- Go outside for essential trips only such as groceries, work and exercise
- Keep a distance of 2 metres (6 feet) from others
- Greet others with a wave, a bow or a nod (in place of handshakes or hugs)
- Sanitize or wash your hands when entering and exiting buildings
- No more than three people per elevator and use an elbow to press buttons if you can
- Avoid long line-ups and maintain space between others in line
- Use tap to pay rather than handling money
- If taking public transit, avoid prolonged close contact with others:
- Travel during non-peak hours
- Take shorter trips rather than one long trip
- Use technology to keep in touch with family, friends and co-workers
- Use programs like Skype, Zoom and FaceTime to connect
- Conduct virtual meetings
- Host virtual playdates for your kids
- Keep up with everyday hygiene actions
- Wash your hands often for at least 20 seconds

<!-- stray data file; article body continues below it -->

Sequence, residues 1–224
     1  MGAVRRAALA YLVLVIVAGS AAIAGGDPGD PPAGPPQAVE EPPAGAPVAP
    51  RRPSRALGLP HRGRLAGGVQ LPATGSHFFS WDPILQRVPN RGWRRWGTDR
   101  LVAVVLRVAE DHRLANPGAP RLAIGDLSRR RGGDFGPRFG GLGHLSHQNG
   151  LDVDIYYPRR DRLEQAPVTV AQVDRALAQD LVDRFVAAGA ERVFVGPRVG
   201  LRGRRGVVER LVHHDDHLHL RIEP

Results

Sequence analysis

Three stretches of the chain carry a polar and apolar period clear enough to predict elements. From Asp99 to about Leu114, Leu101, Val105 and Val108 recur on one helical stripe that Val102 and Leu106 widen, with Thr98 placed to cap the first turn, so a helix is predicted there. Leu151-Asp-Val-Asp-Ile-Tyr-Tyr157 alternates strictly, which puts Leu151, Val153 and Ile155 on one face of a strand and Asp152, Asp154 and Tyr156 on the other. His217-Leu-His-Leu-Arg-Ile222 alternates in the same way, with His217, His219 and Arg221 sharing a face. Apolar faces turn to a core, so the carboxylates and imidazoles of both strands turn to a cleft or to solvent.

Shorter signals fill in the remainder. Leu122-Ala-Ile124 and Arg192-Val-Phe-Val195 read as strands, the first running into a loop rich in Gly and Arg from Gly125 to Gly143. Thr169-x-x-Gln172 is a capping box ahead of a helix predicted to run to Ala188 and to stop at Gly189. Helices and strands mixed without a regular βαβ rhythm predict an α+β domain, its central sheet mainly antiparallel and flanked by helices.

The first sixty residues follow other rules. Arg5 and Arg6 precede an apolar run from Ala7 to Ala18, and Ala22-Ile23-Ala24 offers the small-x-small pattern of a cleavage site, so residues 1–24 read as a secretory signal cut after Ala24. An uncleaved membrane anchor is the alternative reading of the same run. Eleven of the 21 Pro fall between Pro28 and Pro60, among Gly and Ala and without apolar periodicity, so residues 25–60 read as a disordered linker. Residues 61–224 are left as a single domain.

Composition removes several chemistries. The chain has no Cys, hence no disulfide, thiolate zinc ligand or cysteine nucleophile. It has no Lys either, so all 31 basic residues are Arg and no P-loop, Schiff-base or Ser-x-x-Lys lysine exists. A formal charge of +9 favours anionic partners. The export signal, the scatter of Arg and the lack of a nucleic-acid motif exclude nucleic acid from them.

- Avoid touching your eyes, nose or mouth
- Cough or sneeze into the bend of your arm (elbow)
- Regularly clean high-touch surfaces in your home
How long will we have to practice social (physical) distancing for?
At this point, it is unclear as to how long we will have to follow these strict social (physical) distancing practices. As we’ve seen, the COVID-19 situation evolves daily and health experts are doing their best to get ahead of this and be as proactive as possible. However, the sooner we can get everyone on board with social (physical) distancing the better!